The performance of microscopic and nano-scale devices could now be better predicted -- and improved -- thanks to MIT work with a substance familiar to any kid: bubbles.
In a communication published June 7 in Nature, the researchers explain how they used a raft of soap bubbles to simulate the behavior of atoms on and near the surface of a material when that surface comes in contact with another surface or object.
The work could be used to gain valuable insights into the mechanisms of atomic scale contact and wear (so-called "nano-tribology") and defect nucleation at surfaces, which have numerous applications in nanotechnology, including nano-electro-mechanical systems (NEMS), nanoindentation, and atomic force microscopy (AFM). Nanoscopic deformation and strength of surfaces is also of paramount importance to the creation of new materials in nanotechnology.
"As devices get smaller and smaller, understanding the phenomena of contact and defect nucleation at surfaces becomes more and more important," said Subra Suresh, the R. P. Simmons Professor and Head of the Department of Materials Science and Engineering. His co-authors are Andrew Gouldstone (MIT PhD 2001) and Krystyn J. Van Vliet, a graduate student in Materials Science and Engineering.
Scientists can measure various properties associated with how surfaces respond mechanically to being probed with nanoindenters, objects with tip sizes smaller than one-thousandth of the diameter of the human hair. However, "we cannot see how the atoms move and how defects form. Atoms are simply too small," said Suresh, who also holds an appointment in the Department of Mechanical Engineering.
About a year ago, Suresh, Gouldstone and Van Vliet were frustrated by their inability to conclusively explain certain results associated with indenting a few billionths of a meter into the surface of various metals. "Then we thought, 'why don't we create a layer of soap bubbles to simulate the atoms?' " Suresh remembers.
So the team created a raft of bubbles a single layer thick to represent an atomic layer of a material's surface. And since each bubble was nearly a million times larger than an atom, using a high-speed digital camera the researchers could monitor, in real time, what happened when they indented the surface from the side.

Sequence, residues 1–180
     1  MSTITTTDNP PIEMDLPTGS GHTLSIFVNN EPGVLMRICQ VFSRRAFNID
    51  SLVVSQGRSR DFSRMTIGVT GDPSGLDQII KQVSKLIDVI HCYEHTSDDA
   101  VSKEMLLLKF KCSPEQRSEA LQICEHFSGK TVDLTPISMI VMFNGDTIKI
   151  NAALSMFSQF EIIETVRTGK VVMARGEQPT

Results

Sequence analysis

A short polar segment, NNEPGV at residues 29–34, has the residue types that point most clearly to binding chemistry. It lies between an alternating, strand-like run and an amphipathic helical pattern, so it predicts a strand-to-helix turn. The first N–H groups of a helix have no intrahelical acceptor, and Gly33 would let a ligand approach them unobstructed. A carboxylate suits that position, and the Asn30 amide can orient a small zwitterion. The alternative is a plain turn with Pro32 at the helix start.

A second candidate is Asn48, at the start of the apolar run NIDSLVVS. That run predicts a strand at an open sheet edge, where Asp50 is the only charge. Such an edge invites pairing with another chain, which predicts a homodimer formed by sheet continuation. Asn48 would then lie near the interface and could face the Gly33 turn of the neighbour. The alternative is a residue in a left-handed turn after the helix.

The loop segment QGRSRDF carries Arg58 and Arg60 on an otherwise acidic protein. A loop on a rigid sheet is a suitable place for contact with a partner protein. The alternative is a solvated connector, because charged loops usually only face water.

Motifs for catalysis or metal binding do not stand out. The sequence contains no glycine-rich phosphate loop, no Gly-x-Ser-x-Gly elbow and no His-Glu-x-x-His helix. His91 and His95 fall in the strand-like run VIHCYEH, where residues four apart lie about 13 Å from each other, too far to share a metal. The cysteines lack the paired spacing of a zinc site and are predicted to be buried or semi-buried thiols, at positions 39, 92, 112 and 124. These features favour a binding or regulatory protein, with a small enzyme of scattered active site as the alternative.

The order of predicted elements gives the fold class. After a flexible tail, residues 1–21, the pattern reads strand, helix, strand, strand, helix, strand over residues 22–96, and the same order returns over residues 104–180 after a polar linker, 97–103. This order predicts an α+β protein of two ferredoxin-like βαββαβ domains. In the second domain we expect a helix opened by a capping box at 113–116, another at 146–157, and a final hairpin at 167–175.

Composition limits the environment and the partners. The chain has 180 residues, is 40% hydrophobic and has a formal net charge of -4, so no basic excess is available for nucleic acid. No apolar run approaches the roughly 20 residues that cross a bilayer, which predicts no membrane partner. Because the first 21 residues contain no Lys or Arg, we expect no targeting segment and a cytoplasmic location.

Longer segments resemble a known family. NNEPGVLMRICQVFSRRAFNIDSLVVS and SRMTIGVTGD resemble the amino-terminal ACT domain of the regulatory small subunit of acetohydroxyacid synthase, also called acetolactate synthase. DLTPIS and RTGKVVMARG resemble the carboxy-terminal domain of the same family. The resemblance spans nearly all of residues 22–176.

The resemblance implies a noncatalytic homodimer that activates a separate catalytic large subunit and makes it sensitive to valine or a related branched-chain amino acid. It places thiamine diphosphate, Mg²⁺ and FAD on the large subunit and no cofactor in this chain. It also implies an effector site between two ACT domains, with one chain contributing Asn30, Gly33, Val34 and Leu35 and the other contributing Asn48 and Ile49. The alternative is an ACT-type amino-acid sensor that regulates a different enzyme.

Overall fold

Although soap bubbles had previously been used to study deformation of bulk metals, this work constitutes the first attempt at the analysis of nano-scale deformation at surfaces.
They then compared data from the bubble simulation with data from nanoindentation of a real metal. "We found that the two sets of data matched, both qualitatively and quantitatively," Suresh said. Suddenly they had a macroscopic system that could represent behavior on the nanoscale.
With insights gained from the bubble model, they formulated a mechanistic theory for defect nucleation at surfaces during nanoindentation. They were also able to explain with remarkable accuracy the unusually high strength of crystalline surfaces subjected to nanoindentation.
The team has since used the bubble system to explore how atoms move -- and defects form -- for a variety of surface conditions. They have experimentally simulated, for the first time, the effects of atomic level surface roughness on defect nucleation at surfaces.
"For the first time, these bubble experiments give insight into the real-time behavior of atoms near the surface of a material during mechanical contact deformation," Suresh said. "Our ultimate goal is to use them to predict how defects will form on the nano-level, because such defects contribute to the performance of these surfaces and nanoscale devices." Suresh and his research group have already made considerable progress in developing fully three-dimensional, molecular dynamics computer simulations of nanoindentation in engineering materials, in collaboration with Sidney Yip, Professor of Nuclear Engineering, and Ju Li (MIT PhD 2001).
The work was supported by Defense University Research Initiative on NanoTechnology (DURINT) in the area of nanostructured materials, which is funded at MIT by the Office of Naval Research, and by a Department of Defense graduate fellowship to Van Vliet.